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kaleidoscope + phosphenes

I learned a new word today, and that’s “phosphenes”. Here’s the definition: 

phosphene |ˈfäsfēn| noun

 a ring or spot of light produced by pressure on the eyeball or direct stimulation of the visual systemother than by light.

Basically it just means the colors and stars we see when we rub our eyes. This concept really interests me, just with the oddness of the fact that when we rub our eyes, they’re closed (or not?), so why is it that we can still see those so-called “stars and colors”? Well evidently it all has to do with the science of light, so now I think I’m pretty certain I want to explore with the broad theme of science AND art, but not science VERSUS art. 

Another thing about this “phosphenes” thing that popped into my mind was the conceptual possibilities it came with. (This project seems to be converging closer and closer with my drawing project on skin, I feel. Concept-wise, at least :p) Is it more of concealing or revealing? At this point I definitely see the concept overpowering the way I’m deciding to convey the concept, which would be representing this whole idea with a kaleidoscope. Or rather, visuals and stills of a kaleidoscope. The kaleidoscopic side of my idea contributes a lot to the theme of “beyond spectatorship”, of course. My understanding of the two words “beyond spectatorship” mostly stems out with a plan to evoke the audience, preferably in quite an abrupt way. 

I really like the fact that the two main words of my project (i.e. ‘kaleidoscope’ and ‘phosphenes’) are pretty long and complicated-sounding themselves, just because that adds to the concept of “conceal vs reveal” I mentioned earlier. This is just a supporting random thing I noticed/picked out though. 

All in all, what I’m aiming to achieve for this project (as well as getting my concept across hopefully as accurately as possible) would be to: 

  • capture how kaleidoscopes look like as accurately as how we ourselves would see them 
  • present how kaleidoscopes work by experimenting with different effects, cameras and camera techniques 
  • use the above ways to represent phosphenes
  • use the above ways to hopefully evoke the audience in as many ways as possible

Found a super tiny kaleidoscope my cousin got from a toy capsule vending machine a looong time ago! I tried taking a picture with Photobooth, just to see if what I see (as in, with my eyes) could be captured accurately with a camera. Obviously Photobooth’s not good enough to do that, but I think I’m kiiiind of certain that I’ll be involving kaleidoscopic-related… uh, stuff, for this project :)

beyond spectatorship

What does it take for a video or film to shake up and disturb the distance between the moving image on screen and the people watching it? How does a video or film spur individual viewers to cross a threshold - to place themselves in situations riddled with tension, confront deeply charged emotional contents on-screen, and grapple with feelings of apprehension; challenging them to “step outside” of a place of comfort both physically and emotionally?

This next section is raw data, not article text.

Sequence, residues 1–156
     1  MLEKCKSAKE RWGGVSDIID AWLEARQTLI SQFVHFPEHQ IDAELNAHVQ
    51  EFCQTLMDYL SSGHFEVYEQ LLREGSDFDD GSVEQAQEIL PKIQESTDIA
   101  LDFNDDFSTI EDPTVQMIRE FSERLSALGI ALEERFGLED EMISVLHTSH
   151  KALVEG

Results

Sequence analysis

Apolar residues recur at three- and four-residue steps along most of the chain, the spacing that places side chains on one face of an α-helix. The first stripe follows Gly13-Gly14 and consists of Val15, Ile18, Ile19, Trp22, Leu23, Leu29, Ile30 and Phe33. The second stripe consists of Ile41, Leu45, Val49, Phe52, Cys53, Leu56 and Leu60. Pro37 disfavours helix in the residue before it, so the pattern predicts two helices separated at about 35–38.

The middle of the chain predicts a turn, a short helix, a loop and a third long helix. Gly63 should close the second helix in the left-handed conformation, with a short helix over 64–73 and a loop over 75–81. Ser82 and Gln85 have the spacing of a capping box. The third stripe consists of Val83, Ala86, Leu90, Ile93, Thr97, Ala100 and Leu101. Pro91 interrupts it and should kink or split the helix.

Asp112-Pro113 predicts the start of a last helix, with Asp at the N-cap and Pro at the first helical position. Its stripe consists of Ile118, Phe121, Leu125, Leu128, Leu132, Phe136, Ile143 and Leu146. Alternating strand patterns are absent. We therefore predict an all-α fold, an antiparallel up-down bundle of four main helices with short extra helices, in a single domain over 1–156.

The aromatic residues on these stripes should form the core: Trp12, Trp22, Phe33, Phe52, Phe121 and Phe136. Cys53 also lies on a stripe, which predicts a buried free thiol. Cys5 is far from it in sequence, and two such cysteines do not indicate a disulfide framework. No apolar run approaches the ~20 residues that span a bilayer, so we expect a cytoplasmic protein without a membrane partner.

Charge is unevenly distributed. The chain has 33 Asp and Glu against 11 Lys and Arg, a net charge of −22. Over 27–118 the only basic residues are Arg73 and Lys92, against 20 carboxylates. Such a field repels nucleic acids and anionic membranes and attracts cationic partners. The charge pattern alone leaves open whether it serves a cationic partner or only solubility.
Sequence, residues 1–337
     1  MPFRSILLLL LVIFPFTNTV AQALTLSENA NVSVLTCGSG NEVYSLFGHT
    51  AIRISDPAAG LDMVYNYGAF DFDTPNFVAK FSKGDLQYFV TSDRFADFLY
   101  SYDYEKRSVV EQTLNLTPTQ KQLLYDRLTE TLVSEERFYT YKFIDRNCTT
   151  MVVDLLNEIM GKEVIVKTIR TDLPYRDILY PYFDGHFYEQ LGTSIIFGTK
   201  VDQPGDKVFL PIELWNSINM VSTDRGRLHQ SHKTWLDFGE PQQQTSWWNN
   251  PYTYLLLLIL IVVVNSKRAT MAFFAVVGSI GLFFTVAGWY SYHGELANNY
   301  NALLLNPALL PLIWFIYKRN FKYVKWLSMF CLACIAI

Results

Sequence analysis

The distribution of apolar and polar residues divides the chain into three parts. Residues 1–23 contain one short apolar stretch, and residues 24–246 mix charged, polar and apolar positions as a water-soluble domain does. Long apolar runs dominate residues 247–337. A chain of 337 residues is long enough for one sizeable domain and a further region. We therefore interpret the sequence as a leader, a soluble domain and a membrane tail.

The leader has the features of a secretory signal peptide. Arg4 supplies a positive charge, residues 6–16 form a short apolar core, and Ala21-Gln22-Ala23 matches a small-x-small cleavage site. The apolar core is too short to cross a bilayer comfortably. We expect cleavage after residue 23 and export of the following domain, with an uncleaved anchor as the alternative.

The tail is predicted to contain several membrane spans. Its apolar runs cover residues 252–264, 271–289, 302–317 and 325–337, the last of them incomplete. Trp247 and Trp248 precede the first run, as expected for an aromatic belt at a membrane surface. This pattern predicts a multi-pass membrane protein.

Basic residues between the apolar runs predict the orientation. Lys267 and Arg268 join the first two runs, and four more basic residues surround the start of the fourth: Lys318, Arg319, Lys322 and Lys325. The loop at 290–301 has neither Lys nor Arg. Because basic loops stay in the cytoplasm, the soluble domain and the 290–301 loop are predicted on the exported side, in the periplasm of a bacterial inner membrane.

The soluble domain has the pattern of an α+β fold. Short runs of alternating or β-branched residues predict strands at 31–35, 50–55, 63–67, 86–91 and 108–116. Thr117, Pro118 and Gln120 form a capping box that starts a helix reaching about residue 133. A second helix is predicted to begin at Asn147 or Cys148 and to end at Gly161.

Which other kinds of moving images can you conjure up besides the ones emulating what you have been watching in the mainstream and conventional film/video distribution channels? Are the barriers and protocols of filmmaking or video-making to be broken? To free the imagination from the confines of straightforward narratives , the ‘pre-determined’ logic of editing and camera movements, and the economics of the box office? 

Open theme, open-genre, cross-media. Explore “unseen”, overlooked, or neglected subject matters. Just push the envelope. Or at least your own envelope. 

{kaleidoscopic}

The first bit of the video (the abrupt cuts between each visual and all that) kinda reminds me of the thaumatrope project we did in Term 1! The repetitive and jerky cuts make the different footages seem like they’re actually one visual on its own - like they’re coexistent? So perhaps I could explore that as well, together with an idea related to a kaleidoscope or something (just because I like kaleidoscopes, hehe).

Hm kaleidoscopes really intrigue me! I would say it’s science and art at the same time, and that alone is pretty cool :p That aside, I think this video could be what I think is “beyond spectatorship” - mentally straining but very compelling at the same time, to me at least. 

I remember this! 

Sound isn’t really prominent at the start of the video, but I think it slowly gets more and more involved with the visual towards the middle and end of the video. Like how it goes with the movement of the hair, and how both the sound and movement are kind of stagnant. 

Might decide to play around with speed! Slow-motion, fast-motion, whether the speed of something affects rate of the viewers’ thoughts, or could something be so fast that the viewers are barely able to catch up with their own thoughts? (did all of that even make sense? … didn’t think so, hahaha.)